• This is the crucial part of understanding routing and how routing tables work on any complex network like the Internet.
    • There will be lots of different paths to get from point A to point B. Routers try to pick the shortest possible path at all times to ensure timely delivery of data.

Routing Protocols

The real magic of routing is that routing tables are always updated with new information about the quickest path to destination networks.

Routers use routing protocols to learn about the world around them. The routers use unique protocols to speak to each other to share what information they might have. Protocols help the router on one side of the planet learn about the best path to a network on the other side of the planet.

Routing protocols fall into two main categories.

  • Interior gateway protocols

    • Link state routing

      • Open Shortest Path First Protocol (OSPF)
    • Distance-vector routing

      • Routing Information Protocol (RIP)
      • Enhanced Interior Gateway Routing Protocol (EIGRP)
  • Exterior gateway protocols

    • Border Gateway Protocol (BGP)

Interior Gateway Protocols

Routers use interior gateway protocols to share information within a single autonomous system. In networking terms, an autonomous system is a collection of networks that all fall under a single network operator's control. An autonomous system contains routers that share standard traffic policies and administration and is managed by a single organization.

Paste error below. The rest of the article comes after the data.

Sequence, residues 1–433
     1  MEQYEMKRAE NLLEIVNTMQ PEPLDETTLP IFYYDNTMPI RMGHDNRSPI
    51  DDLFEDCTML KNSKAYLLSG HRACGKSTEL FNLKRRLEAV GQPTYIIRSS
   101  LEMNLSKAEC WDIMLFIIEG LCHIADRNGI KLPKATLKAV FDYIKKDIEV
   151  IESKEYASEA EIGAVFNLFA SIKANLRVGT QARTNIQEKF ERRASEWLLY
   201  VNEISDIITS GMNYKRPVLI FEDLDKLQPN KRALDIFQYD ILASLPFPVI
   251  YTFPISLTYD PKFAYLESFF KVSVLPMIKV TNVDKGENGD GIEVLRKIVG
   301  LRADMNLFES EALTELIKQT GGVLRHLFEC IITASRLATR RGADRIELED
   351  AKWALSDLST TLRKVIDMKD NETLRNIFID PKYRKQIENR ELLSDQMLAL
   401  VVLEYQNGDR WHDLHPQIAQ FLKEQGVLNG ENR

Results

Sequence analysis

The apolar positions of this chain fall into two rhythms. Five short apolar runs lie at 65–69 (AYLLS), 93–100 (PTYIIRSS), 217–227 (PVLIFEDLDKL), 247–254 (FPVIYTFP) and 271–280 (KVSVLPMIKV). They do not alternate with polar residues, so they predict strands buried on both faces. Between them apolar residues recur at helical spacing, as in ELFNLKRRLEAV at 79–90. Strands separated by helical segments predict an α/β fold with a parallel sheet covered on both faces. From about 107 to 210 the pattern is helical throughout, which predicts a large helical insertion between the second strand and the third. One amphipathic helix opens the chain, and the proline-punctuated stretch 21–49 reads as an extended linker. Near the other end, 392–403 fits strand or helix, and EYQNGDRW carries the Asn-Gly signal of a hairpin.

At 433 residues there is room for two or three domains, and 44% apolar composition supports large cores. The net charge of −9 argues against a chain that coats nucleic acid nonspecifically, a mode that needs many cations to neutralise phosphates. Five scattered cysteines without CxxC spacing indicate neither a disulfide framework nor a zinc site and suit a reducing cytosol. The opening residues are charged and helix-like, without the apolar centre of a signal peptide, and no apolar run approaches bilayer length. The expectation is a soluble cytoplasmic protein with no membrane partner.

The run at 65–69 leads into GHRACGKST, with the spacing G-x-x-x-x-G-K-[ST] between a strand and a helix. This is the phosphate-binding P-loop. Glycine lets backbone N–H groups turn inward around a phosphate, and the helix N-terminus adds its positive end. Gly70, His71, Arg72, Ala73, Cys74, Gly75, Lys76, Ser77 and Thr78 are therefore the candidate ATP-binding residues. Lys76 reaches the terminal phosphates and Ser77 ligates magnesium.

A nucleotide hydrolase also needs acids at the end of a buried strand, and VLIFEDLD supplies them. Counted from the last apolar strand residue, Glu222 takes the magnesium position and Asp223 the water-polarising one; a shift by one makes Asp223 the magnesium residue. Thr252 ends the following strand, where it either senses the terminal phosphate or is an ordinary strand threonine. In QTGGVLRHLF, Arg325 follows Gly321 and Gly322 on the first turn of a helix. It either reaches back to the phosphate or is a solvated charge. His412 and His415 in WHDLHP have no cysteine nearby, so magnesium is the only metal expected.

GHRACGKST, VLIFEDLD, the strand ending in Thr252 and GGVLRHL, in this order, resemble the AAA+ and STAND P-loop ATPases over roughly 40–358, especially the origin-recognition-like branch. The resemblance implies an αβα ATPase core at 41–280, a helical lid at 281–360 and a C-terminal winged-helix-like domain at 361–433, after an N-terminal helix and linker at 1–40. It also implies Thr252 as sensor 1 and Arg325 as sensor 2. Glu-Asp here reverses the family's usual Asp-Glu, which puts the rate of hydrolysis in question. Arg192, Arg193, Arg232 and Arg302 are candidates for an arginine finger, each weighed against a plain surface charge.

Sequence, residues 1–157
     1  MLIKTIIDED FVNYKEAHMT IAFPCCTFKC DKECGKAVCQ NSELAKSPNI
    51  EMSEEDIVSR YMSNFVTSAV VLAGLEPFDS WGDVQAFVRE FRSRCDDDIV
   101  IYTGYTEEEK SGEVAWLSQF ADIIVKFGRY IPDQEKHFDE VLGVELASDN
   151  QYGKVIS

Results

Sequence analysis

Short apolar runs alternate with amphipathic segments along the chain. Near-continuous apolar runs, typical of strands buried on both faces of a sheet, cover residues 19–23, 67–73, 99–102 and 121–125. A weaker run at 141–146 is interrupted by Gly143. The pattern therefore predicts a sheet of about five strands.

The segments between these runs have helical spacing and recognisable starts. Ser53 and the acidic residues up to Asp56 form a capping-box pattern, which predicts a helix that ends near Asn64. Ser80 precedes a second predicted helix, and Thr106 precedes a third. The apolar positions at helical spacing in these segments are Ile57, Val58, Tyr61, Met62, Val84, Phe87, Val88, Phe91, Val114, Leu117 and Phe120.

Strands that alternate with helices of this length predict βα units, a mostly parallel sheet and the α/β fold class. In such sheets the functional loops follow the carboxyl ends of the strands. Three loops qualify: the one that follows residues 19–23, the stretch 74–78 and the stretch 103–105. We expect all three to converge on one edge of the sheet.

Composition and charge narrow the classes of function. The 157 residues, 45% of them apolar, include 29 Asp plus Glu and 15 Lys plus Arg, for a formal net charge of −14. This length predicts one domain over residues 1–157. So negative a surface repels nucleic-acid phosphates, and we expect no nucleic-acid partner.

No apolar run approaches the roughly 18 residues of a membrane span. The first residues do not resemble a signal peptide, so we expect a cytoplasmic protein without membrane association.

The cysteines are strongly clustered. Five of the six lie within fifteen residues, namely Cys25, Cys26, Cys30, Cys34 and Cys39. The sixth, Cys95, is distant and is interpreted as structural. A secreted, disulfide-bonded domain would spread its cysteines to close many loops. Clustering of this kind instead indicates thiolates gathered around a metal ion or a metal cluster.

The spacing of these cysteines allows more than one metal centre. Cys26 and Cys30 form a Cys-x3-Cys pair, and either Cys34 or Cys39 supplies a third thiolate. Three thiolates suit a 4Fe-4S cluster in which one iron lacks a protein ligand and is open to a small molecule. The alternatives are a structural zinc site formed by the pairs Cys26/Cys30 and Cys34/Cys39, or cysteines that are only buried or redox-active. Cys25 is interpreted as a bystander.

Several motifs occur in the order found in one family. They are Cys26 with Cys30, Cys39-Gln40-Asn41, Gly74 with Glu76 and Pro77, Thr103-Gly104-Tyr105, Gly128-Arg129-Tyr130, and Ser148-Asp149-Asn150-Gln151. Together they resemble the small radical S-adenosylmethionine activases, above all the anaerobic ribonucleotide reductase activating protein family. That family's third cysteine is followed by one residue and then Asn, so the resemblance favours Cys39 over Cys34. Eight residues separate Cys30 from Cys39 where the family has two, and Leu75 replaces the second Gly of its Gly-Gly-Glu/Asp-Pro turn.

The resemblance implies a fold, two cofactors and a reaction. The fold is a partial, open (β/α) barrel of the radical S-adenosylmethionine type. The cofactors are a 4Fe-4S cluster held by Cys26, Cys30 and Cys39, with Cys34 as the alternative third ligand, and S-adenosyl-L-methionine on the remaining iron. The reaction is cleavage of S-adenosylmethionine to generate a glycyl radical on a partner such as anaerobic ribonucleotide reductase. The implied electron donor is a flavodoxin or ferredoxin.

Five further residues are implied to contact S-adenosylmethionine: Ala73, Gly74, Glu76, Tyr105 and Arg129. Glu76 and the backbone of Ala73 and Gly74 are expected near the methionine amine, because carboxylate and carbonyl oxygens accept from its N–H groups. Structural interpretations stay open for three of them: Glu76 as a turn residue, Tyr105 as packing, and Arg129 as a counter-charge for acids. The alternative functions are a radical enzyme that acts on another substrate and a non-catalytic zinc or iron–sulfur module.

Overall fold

Interior Gateway Protocols can be divided into two categories:

Distance Vector Routing Protocol

  • It uses the Bellman-Ford algorithm for exchanging routing information.

  • Routers using distance vector routing protocols do not possess the topological information about the network but instead rely on the neighbor's information.

  • Information kept by distance vector router:

    • Each router has an ID
    • Intermediate hops
    • Associated with each link connected to a router, there is a link cost (static or dynamic)
    • Each router maintains a distance-vector table containing the distance between itself and all possible destination nodes
      • Distance to itself = 0
      • Distance to all other routers = infinity number
  • The algorithm follow these three steps:

    • A router transmits its distance vector to each of its neighbors in a routing packet.
    • Each router receives and saves the most recently received distance vector from each of its neighbors.
    • A router recalculates its distance vector when: